I hear often project managers to ask for empowerment in order to be able to manage their teams. I also hear managers to talk to team members and explain to them things about their responsibility expecting that their “given per definition” empowerment will be enough to convince and motivate.
The word power has indeed something to do with motivation, but it is important to think about where is this power coming from and where is it directed?
Empower the person in charge?
Let us empower the project manager so that the people listen to him.
I have always asked myself how empowerment is “given” to a person in charge. Is it by nomination? Is it by announcement?
Before I make a long story short, maybe we should think, that what we want to succeed in projects is a good team performance, because the team is the one organisational unit that really should deliver results relevant to project objectives. Thus the main thinking behind this whole empowerment idea is to improve team performance. In a few words we believe that “empowerment of project managers improves team performance”. This can be in some cases very right, but also very wrong, based on the interpretation that we give it.
- In practice, empowerment is usually passed to the project manager as an accountability for project objectives. This is not only against all project management standards, but leads also to a scared project manager, or someone that is only looking at his interests which are to achieve project goals no matter what the team considers to be important, no matter if some things do not make sense, ignoring risks and “bad-news-filtered” communication.
- The team becomes passive and often angry, which really does not have to do with its capability to perform, but with lack of motivation. The team is not accountable, or responsible so it just does not care when things do not make sense.
- Managers expect better control (that people will do what the project manager commands), due to the authority given by defined empowerment, but where on earth does the project manager know what has to be done or what has to be controlled? The team is producing, thus the team knows better. The project manager should be listening, leading, setting limits and removing any obstacles from the way such as wrong expectations.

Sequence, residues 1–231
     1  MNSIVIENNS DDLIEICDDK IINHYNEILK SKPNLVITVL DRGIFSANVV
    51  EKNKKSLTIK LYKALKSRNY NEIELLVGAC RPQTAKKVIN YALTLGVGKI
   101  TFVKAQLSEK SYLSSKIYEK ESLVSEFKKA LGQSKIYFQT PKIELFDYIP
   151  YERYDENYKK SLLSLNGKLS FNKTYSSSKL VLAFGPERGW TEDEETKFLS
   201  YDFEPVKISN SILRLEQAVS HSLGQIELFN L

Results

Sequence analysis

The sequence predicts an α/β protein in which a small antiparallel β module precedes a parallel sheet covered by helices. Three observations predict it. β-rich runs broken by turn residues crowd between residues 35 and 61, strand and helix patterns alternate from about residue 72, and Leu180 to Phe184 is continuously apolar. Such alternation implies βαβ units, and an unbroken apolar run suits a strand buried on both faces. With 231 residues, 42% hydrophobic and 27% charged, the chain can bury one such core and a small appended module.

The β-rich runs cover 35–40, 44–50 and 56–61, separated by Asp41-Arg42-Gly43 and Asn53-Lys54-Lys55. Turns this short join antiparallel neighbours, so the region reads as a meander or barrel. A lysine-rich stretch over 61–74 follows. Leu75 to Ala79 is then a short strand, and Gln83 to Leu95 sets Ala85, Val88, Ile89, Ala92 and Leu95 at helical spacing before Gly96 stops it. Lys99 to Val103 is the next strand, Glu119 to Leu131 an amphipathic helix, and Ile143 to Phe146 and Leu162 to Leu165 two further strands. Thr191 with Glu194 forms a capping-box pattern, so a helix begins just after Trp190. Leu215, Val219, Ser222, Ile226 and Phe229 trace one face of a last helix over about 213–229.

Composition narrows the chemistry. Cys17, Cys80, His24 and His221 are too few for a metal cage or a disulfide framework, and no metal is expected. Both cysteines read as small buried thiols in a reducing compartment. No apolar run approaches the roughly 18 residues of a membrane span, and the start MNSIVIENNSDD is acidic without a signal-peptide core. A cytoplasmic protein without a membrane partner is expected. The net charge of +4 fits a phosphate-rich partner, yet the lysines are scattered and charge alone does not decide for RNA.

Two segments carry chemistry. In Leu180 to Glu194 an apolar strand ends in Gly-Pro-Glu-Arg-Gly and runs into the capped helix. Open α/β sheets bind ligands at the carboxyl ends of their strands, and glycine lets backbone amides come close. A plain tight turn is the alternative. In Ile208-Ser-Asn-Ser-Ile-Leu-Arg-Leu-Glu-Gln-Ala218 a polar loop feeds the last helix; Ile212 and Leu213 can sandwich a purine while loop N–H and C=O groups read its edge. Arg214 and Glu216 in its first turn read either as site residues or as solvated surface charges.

Make the team responsible
Sounds like a good idea, but now, what happens is, that management passes (also per announcement) the responsibility to the team. The team is responsible for project deliverables “per simple definition”, but this only causes the problem of fear and missing motivation to multiply, having more scared people in the project mainly taking care to cover their ass (CYA, CYOA) resulting in delays and only in some best cases to a military way of following requirements, delivering in best case what was defined, but not what was expected.
Common sense team motivation & development
Do not forget that our primary goal is to increase performance by empowerment to motivate people to deliver. Nevertheless motivation does not have to do with rational explanations, but with emotional involvement and commitment.
Please think for a second about when do you really take responsibility for something. Only when you are convinced (emotionally!) that what you will do makes sense, it is fun, it leads to great results. Taking responsibility coexists with motivation and commitment.
One could argue though that fear is a strong emotional involvement, but fear leads to act in a very restricted way. Maybe a team managed by fear can fulfill short term specific objectives of an activity, but it does not lead to sharing, open communication and trust.
Who needs open communication or trust?
A simple answer we would be that it is well known that communication is important for the project. But if you still have difficulties undertstanding this and you focus only on numbers, then try to explain how you would identify and manage risks in an working environment where risks are not communicated due to a fear culture.
Empowerment has to be gained and naturally created
Now from a project manager point of view, if you have the feeling that your team is not performing you can look of course at standard technical, organizational or administrative things that have to be in place to improve the situation. Nevertheless make sure that
- You personally are motivated and you commit to project deliverables. Be a raw model to your team with regards to project objectives. If you cannot, the team does not need you and you will never get the empowerment you would like to have.
- Pass this passion to your team, by explaining the big picture, explain the benefits of this project to the company/organization. If you do not believe in it, no one else will.
- If necessary, map these interests to the interests of the individual team members (e.g. if company benefits do not work for external employees then try the perspective of further interesting and profitable assignments)
- Listen to what your people are telling you and support them.
- Do not blame the team or individuals for mistakes, take the blame.
- If you need rules, then each rule should have a clear benefit for the team.
The person in charge has indeed to be empowered, but not from higher management by announcement, but from the people who really do the work, the team.The team empowers itself and takes responsibility only if it sees personal as well as benefits for the organization as a whole.
Empowerment is a process that should change the traditional way we think about power and relationships. We should be able to recognize it when it is really in place, by the fact that no one as an individual really has power without the collective thinking and acting of the team.